I don't use Facebook hoping that it'll drive customers to me. I use it to have fun and to have conversations and share interesting and cool things with my customers and fans, and THEY drive customers to me.
So Visakan - how exactly do you do this? My Facebook pages are active, feature various kinds of posts, including about our products and purpose. I am speaking more about my old business page, which had over 500 likes, not my current one which is new and building toward 100 - though I am following the same formula. I even have people interacting with my posts -- but no one is buying that way -- mostly through Google AdWords and word of mouth/Craigslist (the few sales we've had - about 5 - in the last 2 weeks).
I think there's definitely an expectation for savvy, successful companies to have a social media presence, but I believe that the key problem is that people don't have solid goals or metrics in place to measure the ROI from their social media campaigns. Too many of them are launched into the void without returning any useful information, and we're stuck in a space where either we feel that they're worthless or that we have to spend 24/7 looming over Twitter and Facebook to get anything out of it. Adobe stated in a recent white paper that over 88% of over 750 surveyed social marketing professionals didn't feel they could effectively measure the effectiveness of their campaigns, and 52% felt that measuring social media ROI was their largest frustration.
Basically, you need more data. Data is your friend.
I'd suggest anyone who has an active Facebook presence to check out one of their Ads Manager tools called Conversion Tracking. This will help you determine the actions people take after clicking on your ads - you're paying for them, you should know how they're performing https://www.facebook.com/help/435189689870514/
Try to get a measurement of interaction investment, too. The average piece of Facebook content - a picture, video, text post - takes only seconds to digest. An average like would take seven seconds per person viewing the content, and friends of theirs viewing the shared content will take a similar amount of time. Multiple that by your likes received will give you an interesting perception of the traffic those likes are generating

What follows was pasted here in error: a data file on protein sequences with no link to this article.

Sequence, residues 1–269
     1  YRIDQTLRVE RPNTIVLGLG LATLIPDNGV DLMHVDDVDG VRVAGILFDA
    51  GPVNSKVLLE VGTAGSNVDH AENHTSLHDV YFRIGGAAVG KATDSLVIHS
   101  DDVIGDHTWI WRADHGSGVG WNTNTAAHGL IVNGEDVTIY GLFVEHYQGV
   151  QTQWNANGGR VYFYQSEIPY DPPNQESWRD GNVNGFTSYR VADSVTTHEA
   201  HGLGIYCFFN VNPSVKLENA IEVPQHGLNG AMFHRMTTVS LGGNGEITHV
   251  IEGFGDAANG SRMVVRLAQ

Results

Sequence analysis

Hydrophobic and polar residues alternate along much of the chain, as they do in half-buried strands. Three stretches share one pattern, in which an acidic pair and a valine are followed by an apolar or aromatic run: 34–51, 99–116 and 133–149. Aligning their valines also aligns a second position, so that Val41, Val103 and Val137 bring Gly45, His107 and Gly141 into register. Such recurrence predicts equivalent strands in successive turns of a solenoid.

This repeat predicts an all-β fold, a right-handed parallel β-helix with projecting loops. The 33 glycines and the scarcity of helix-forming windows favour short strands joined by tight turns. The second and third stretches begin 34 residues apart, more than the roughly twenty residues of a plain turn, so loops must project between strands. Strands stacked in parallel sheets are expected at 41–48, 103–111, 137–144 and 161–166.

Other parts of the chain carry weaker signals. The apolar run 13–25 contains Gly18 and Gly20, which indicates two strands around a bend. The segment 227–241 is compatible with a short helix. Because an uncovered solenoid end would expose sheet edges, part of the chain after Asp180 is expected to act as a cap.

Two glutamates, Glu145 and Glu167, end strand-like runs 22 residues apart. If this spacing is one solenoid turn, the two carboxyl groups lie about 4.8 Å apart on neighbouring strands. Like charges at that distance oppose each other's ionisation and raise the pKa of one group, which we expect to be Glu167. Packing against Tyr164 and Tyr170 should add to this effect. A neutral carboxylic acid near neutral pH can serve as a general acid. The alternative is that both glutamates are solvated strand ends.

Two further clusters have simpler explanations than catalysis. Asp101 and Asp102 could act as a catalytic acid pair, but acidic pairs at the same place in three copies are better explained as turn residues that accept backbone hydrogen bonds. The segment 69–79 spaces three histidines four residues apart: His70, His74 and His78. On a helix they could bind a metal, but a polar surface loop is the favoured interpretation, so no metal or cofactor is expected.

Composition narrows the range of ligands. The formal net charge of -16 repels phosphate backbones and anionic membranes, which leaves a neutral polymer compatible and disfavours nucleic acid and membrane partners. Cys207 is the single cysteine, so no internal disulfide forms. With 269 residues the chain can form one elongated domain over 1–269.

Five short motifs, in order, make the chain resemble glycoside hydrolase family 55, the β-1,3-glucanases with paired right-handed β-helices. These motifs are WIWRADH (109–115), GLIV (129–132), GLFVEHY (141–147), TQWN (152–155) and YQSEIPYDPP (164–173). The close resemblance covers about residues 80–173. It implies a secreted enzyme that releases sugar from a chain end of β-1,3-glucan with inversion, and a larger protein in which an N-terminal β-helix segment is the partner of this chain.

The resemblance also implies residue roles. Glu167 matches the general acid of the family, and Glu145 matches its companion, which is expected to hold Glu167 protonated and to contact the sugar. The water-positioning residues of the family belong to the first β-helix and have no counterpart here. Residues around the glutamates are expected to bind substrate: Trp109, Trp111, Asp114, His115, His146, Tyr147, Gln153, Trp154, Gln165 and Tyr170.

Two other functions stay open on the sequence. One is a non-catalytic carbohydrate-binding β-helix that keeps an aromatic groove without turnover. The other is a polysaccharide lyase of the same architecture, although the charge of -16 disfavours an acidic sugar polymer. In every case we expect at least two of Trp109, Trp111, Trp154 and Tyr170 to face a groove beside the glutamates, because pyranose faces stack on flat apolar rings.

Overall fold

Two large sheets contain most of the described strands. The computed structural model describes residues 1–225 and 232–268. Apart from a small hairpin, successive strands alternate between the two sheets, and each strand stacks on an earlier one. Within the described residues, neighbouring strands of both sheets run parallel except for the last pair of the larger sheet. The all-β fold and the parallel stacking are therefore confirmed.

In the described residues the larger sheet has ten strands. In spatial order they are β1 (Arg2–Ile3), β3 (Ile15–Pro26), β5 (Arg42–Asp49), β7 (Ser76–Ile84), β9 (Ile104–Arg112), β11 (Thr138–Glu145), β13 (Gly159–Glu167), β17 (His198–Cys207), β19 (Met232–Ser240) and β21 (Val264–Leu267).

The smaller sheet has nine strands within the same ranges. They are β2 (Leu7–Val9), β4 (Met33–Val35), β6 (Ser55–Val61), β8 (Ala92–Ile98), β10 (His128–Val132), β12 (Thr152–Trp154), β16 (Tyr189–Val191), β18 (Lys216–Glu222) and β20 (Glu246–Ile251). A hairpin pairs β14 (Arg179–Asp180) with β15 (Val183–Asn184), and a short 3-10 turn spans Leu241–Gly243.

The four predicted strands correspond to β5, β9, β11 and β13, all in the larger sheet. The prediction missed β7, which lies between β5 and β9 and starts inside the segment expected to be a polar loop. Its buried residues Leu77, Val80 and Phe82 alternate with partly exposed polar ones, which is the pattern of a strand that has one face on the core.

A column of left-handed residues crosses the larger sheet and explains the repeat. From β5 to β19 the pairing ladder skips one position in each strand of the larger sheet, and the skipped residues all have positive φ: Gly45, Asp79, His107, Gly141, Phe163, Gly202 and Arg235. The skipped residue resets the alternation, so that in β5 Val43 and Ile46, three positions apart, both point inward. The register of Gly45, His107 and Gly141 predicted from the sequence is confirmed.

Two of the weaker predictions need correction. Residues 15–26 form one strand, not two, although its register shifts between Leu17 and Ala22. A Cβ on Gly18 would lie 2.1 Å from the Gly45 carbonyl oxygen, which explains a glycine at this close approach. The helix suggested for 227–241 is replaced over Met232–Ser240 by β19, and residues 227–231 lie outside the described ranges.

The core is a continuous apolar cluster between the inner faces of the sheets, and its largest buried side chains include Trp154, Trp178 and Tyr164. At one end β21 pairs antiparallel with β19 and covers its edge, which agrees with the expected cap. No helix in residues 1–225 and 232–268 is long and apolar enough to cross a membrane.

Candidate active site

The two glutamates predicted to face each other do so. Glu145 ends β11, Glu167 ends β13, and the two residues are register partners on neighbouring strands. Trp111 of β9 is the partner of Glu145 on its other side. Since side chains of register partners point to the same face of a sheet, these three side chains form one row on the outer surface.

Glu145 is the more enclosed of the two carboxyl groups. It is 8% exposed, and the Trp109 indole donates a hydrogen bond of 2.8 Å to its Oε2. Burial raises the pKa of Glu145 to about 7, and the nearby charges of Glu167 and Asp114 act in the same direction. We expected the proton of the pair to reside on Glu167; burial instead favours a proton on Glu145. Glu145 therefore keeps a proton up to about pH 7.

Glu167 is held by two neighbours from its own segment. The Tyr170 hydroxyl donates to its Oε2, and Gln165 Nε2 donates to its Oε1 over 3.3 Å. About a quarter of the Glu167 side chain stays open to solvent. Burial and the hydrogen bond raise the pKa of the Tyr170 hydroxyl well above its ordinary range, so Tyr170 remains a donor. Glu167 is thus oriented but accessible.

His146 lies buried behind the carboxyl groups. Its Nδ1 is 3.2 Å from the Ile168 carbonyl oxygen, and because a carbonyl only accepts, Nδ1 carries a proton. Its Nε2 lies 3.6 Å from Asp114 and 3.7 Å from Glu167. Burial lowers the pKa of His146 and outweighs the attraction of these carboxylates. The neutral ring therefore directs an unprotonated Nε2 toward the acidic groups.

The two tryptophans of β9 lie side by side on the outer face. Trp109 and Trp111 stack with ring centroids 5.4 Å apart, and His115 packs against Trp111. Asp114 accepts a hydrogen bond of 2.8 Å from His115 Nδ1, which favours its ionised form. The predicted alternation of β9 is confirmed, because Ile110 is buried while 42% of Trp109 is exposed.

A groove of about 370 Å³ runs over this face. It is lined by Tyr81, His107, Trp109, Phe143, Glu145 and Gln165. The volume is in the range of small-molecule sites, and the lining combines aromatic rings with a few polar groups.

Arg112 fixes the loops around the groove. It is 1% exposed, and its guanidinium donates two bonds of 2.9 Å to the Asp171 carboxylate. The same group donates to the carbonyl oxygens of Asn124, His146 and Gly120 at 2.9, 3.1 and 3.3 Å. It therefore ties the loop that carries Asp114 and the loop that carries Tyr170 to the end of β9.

I'd look at comparing the costs of a conventional PPC (pay per clicks campaign) per user against how many free users your social media presence gives you, too. That'll help give you a dollar sign on the value of your Facebook / Twitter traffic as well as giving you an idea of whether or not it's of value to go with PPC instead of / in addition to it.
And I can't state this strongly enough - do everything in house. Be the real person behind the Twitter account, or similar. This definitely helps build investment in your brand and most of our businesses are small enough that you are your brand. Helps on budgeting, too ;)
Hey Jeffrey, sorry I missed this!
1: I posted the t-shirt ideas on my personal Facebook page, and they got a lot of Likes and positive feedback (including "Hey, I'd buy that! How much is it?").
2: So I set up a proper Facebook Page and asked my friends (who'd already liked the images earlier) to Like the Page, which they happily did- and they even shared it and invited their friends, because they liked the idea so much
3: People kept (and keep) PMing the Page with requests to buy our t-shirts.
Let me know if there's anything that doesn't make sense,
Thanks for sharing your insight. The other thing you could do is add your products to your Facebook page using an app like Fliptabify or the Facebook Store. Or you could incorporate deals for your customers when they are interacting with your page - the app Justuno Social Bribery might be a good one to check out too.
Also, we just did a post on the new Facebook ads on our blog that I would recommend checking out!
Shopify Guru | firstname.lastname@example.org
There are three ways to explain why 61% of small businesses don't see any return on investment in social media activities:
In my experience as a social media manager, I've definitely seen that #1 and #2 are the most typical reasons for companies not seeing good ROI on their social media work. And if I had to dig down even deeper and say "why", my observation would be that many companies that are selling products flock to Facebook and Facebook advertising when they should be utilizing platforms that will allow them to really engage, in real conversations, with their customers. I did a lot of social media work with small businesses in the luxury items market and found over and over again that Twitter and Instagram were incredible at driving sales. I also noticed that Facebook's main value seemed to be in connecting with current customers and making sure they were happy.
So long story short, I would agree that jumping into Facebook advertising might not be the right approach. I would definitely recommend getting active on Instagram/Twitter, and other open platforms and start engaging your target audience there. You might be surprised at how quickly you start to sell product!